Pelargonium Species, Scented Geranium

Pelargonium graveolens

Family: Geraniaceae (jer-ay-nee-AY-see-ee) (Info)
Genus: Pelargonium (pe-lar-GO-nee-um) (Info)
Species: graveolens (grav-ee-OH-lens) (Info)
Synonym:Geranium graveolens
» View all varieties of Pelargoniums



Water Requirements:

Average Water Needs; Water regularly; do not overwater

Sun Exposure:

Full Sun


Grown for foliage



Foliage Color:

Light Green

Medium Green


18-24 in. (45-60 cm)


15-18 in. (38-45 cm)


USDA Zone 10a: to -1.1 C (30 F)

USDA Zone 10b: to 1.7 C (35 F)

USDA Zone 11: above 4.5 C (40 F)

Where to Grow:

Unknown - Tell us



Bloom Color:


Bloom Characteristics:

Unknown - Tell us

Bloom Size:

Unknown - Tell us

Bloom Time:

Blooms repeatedly

Other details:

Unknown - Tell us

Soil pH requirements:

6.1 to 6.5 (mildly acidic)

6.6 to 7.5 (neutral)

7.6 to 7.8 (mildly alkaline)

Patent Information:


Propagation Methods:

From herbaceous stem cuttings

From seed; sow indoors before last frost

By serpentine layering

Seed Collecting:

Allow seedheads to dry on plants; remove and collect seeds


This plant is said to grow outdoors in the following regions:

Amesti, California

Atascadero, California

Chula Vista, California

Corralitos, California

Elkhorn, California

Fontana, California

Interlaken, California

Los Angeles, California

Manhattan Beach, California

Pajaro, California

Simi Valley, California

Spring Valley, California

Watsonville, California

Brandon, Florida

Deland, Florida

Jacksonville, Florida

Seffner, Florida

Lake Charles, Louisiana

Ashland, Ohio

Conroe, Texas

Houston, Texas

Springfield, Virginia

Kalama, Washington

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Gardeners' Notes:


On Nov 19, 2012, Daddysbug from Conroe, TX (Zone 9a) wrote:

I received a piece of this plant that was being removed from our Master Gardener beds in Montgomery County Texas. The sad little piece was placed in a bed where I put my orphan plants. Today, it's thriving and it must be cut back soon before it overtakes other plants. The unusual leaves give much contrast to any place it grows.


On Jan 22, 2005, Bloomatis from Arlington, TX wrote:

I received a cutting for free from a local nursery. Ever since the roots developed, the plant has really taken off. At least one new leaf a week. Im overwintering right now without a hitch, and water once approx every two weeks or so. Believe it or not, the citronela scent deters mesquitos. Try it yourself and see!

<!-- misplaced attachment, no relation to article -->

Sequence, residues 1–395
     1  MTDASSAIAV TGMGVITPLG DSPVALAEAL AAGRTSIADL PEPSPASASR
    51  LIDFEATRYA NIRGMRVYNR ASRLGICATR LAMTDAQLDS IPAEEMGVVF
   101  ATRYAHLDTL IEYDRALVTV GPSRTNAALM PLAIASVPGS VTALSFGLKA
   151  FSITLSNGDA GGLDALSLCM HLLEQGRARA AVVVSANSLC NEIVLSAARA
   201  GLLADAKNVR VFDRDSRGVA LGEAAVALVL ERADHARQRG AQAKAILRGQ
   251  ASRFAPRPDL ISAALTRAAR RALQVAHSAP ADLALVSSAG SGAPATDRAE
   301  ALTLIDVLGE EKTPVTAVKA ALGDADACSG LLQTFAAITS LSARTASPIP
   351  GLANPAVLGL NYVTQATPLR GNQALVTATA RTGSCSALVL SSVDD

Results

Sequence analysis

On Mar 14, 2004, phoenix52n wrote:

I love Geraniums. My favorite part is when they get too leggy. I cut a piece off, and stick it in the ground somewhere else, and then I have another. This has been going on for a while, so I'm surrounded by them - All different kinds.

My favorite seems to be the citronella frangranced one by the door. It keeps bugs away from the house, and it gives off a hint of scent every time someone passes.


On Aug 4, 2003, gilles wrote:

I had a cut of this plant in Tunisia last march, which I planted in Paris (France). The plant has grown well and is now some 60 cm high. Scent and leaves are gorgeous, and I will endeavour to develop other pots out of the first plant.


On Jan 19, 2003, lupinelover from Grove City, OH (Zone 6a) wrote:

Most of the P. graveolens species are in the rose-scented group. The foliage is very attractive, flowering is rare due to the presence of viruses. As tissue-propagation becomes more widely used as a source for pelargoniums, virus-laden stock is dwindling, making flowering more common, a very nice bonus.

Pelargoniums grown from seed will not come true to a named cultivar, and scent will vary.


On Dec 16, 2002, bmuller from Albuquerque, NM (Zone 7a) wrote:

There are many, many varieties of scented geranium--with many shapes, textures, and shades of leaf--and many different scents. Blooms are varied, as well, and, although a person wouldn't be likely to grow s.g.'s for their blooms, the blooms are often a nice bonus and sometimes remain for many weeks. These geraniums, like most pelargoniums, pretty much insist upon warm weather, but they can be brought inside in the winter and will do quite well in a sunny location indoors (although they probably won't grow nearly as fast as they do outdoors). They also
can be propagated from cuttings with a fair rate of success.